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Open and Standard Class Nationals - Day 4 Evening Report

June 19 was the sixth straight day of flying at the Standard and Open Class nationals, and Region 11 Sport contest.  The Regional has one more day to fly and the Nationals has six assuming there will be at least one rest day. 


Friday started out overcast and dark; several pilots asked if we would be flying today which meant more likely “would we not be flying.”  The weatherman was not optimistic: high winds all day and low cloud bases that would descend in the afternoon.  Nevertheless, we attempted to put together a task that would make the best of the day. 


We chose a short task for all classes:  3 hours for Open, 2.5 hours for Standard, and 2 hours for Sport.  Because of the possibility of wave and local shear lines from the wind, we wanted to keep the field of gliders generally together to minimize the possibility of someone finding a fluke elevator.  We assigned a series of turnpoints with 10-mile radiuses:  five turns for Open, four for Standard, and three for Sport Regional.  We wanted as early launch as possible, approximately 1.5 hours after the pilots meeting.


The day started out much as predicted.  The sniffer quickly found sustainable lift on Craggy, and we immediately launched the fleet in slightly over one hour.  Toward the end of the launch, the Sport Regional group were having more trouble staying up than the earlier launches and we had a few re-lights.  On course, the day got progressively better as temperatures did not decline much during the day as predicted.  Consequently speeds were fast.


Open class saw over 80 mph:  Garret 81.7, Walters 79.0, and Tabery 74.8.  Standard class leaders were Garner 75.6, Greenhill 70.0, and Parker 65.5.  Sport Regional Kelly 53.3 handicapped (64.0 actual), Green 53 handicapped (60.3 actual), Pfiffer 51.3 handicapped (58.0 actual).


Today shook up the score a bit.  Garner won the Standard day after landing out the day before.  Ittner had been leading the contest after several wins and landed out, dropping to fifth.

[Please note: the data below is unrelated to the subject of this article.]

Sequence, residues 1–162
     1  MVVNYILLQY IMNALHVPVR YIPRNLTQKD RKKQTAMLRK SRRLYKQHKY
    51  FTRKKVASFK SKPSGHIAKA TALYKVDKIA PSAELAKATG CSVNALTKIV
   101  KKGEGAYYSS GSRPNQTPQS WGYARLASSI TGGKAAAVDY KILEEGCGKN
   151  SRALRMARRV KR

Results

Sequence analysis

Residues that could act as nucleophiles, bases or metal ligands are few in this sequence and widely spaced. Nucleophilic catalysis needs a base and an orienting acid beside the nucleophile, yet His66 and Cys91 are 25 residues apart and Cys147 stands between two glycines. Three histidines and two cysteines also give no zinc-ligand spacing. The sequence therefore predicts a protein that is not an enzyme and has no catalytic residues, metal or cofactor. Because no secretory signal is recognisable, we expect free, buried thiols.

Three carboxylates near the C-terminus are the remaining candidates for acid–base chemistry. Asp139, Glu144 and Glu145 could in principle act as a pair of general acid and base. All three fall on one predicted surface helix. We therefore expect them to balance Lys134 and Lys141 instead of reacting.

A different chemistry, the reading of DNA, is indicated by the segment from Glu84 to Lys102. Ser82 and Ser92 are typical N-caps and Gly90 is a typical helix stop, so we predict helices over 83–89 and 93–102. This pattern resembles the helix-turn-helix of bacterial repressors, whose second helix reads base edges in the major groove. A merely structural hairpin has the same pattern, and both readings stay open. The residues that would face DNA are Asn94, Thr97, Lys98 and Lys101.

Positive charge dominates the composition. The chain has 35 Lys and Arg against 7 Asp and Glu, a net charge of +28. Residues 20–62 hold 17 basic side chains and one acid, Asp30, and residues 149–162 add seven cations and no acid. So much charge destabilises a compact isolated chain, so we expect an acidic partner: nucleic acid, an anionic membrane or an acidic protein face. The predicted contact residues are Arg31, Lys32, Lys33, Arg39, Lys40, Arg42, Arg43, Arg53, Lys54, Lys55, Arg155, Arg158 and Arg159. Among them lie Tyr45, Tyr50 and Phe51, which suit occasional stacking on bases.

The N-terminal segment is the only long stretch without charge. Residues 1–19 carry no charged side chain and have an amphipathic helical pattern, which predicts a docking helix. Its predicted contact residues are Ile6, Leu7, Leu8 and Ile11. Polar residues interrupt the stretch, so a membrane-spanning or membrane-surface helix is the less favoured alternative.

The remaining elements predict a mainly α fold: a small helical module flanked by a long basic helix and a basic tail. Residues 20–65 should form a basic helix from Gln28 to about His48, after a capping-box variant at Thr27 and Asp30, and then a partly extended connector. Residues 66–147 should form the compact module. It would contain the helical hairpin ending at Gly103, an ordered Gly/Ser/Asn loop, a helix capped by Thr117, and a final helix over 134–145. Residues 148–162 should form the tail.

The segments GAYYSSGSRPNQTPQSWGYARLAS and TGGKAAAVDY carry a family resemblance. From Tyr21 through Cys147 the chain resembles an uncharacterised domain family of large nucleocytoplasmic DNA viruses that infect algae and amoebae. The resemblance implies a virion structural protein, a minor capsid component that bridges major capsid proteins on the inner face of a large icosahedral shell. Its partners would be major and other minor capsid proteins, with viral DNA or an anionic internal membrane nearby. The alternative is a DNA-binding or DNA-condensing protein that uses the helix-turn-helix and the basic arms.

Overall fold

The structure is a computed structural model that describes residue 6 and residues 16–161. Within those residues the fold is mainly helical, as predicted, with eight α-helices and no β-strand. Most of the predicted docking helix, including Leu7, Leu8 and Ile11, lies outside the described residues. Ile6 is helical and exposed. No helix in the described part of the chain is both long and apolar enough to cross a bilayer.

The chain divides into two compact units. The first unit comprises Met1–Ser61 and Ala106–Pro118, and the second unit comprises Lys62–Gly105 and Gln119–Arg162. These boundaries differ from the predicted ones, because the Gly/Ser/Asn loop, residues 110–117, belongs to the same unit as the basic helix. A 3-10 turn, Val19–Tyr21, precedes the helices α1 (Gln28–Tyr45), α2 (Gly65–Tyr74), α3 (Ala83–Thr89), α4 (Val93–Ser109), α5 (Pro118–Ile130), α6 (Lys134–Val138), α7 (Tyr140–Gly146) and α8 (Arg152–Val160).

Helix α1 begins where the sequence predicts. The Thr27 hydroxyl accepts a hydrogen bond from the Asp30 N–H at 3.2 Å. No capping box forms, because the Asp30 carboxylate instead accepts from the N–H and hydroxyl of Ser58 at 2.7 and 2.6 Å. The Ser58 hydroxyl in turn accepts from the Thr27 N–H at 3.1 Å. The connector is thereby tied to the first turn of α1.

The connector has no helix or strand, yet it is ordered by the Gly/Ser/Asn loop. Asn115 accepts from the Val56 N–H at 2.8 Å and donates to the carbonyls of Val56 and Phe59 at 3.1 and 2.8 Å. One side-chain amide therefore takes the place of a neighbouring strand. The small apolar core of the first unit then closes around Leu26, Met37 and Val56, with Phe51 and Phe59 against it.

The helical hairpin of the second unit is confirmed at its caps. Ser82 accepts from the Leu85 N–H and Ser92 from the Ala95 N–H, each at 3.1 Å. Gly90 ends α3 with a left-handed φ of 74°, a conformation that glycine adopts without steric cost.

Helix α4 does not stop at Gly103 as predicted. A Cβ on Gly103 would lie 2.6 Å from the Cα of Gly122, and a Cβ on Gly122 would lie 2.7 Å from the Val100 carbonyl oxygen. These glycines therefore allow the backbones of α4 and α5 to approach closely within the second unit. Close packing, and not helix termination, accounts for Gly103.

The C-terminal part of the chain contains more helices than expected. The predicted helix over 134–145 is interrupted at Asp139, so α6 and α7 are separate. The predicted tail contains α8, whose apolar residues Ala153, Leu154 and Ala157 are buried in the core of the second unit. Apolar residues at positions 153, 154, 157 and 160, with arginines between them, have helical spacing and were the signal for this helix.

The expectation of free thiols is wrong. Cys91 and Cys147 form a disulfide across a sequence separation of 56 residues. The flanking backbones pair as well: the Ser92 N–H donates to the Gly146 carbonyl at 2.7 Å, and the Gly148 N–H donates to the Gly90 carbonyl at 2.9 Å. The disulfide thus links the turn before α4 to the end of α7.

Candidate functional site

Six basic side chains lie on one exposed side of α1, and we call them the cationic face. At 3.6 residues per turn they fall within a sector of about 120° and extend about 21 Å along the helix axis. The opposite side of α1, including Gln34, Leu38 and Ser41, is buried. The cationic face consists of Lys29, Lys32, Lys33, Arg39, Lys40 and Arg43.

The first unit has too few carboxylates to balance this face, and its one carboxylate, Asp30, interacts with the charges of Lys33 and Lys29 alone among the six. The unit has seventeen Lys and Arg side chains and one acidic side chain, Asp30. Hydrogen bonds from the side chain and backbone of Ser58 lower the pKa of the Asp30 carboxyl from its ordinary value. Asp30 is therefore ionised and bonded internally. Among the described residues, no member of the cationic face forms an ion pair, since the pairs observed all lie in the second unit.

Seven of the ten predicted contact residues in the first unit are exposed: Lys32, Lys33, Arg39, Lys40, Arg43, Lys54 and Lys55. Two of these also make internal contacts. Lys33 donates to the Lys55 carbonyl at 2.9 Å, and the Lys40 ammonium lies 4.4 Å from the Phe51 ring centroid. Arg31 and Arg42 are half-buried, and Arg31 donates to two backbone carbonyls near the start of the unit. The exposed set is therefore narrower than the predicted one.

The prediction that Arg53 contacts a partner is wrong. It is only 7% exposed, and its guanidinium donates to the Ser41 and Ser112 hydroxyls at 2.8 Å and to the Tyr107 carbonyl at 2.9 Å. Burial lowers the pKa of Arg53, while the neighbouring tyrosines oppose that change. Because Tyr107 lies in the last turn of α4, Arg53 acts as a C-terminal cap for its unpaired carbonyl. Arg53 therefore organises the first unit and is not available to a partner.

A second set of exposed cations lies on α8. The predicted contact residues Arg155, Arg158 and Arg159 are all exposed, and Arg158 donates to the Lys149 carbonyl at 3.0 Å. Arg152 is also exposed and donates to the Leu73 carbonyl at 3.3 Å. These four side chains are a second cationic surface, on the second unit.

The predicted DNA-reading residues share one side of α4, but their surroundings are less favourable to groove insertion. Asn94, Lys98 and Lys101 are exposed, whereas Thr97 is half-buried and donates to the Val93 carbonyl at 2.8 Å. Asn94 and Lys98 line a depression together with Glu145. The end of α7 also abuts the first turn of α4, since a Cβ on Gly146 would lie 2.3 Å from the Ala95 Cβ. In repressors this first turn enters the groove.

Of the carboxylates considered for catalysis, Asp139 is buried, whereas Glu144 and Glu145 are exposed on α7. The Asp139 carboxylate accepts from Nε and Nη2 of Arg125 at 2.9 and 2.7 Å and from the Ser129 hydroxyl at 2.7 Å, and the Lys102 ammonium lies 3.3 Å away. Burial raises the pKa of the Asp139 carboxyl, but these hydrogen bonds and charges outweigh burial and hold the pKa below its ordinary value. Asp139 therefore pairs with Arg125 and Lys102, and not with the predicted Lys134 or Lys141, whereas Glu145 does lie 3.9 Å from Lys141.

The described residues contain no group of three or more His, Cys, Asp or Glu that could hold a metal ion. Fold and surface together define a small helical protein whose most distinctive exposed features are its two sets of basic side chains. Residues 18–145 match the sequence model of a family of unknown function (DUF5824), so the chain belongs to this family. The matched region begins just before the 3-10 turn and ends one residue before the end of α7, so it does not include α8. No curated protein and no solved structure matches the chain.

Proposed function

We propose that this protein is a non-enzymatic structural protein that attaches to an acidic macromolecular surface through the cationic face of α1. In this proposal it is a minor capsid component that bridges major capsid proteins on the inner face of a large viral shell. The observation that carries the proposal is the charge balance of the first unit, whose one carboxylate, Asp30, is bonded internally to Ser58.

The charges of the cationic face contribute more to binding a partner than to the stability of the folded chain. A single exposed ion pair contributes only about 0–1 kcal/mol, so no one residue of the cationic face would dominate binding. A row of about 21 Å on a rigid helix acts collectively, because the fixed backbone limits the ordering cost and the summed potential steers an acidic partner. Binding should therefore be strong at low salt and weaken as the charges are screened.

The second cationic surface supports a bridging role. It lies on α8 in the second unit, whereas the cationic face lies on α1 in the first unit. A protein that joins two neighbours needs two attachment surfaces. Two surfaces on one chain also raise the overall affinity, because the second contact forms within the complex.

Ittner’s landout was especially painful since it was right out of the gate while he was trying to return to the airport for a re-light.  Peter Deane landed one mile short of the airport on his return, having completed the task. 


Cooler temperatures again were appreciated by contest crews on the ground.  A number of wonderful assistants are helping the contest operations, and we’re glad that they are a happy group of lads.  The night-time skies are great for star gazing, and the valley has wonderful scenery especially views of Mt. Shasta to the south and Mt. Ashland to the north.  Years ago, a contest pilot wandered away from day’s task just to get a view of beautiful Crater Lake in southern Oregon. 


Montague and the Shasta valley provided varied flying on this contest day.  There was powerful sink and not much lift in the Shasta valley all day.  Wind shear broke up thermals, and ragged cu’s peppered the area most of the day.  Overall it was a bit of an under call.  Rick Walters said it was the best day he had ever seen for the Scott Valley (west) soaring area.  What will the 20th  bring to the contest flying?


Posted: 6/20/2009


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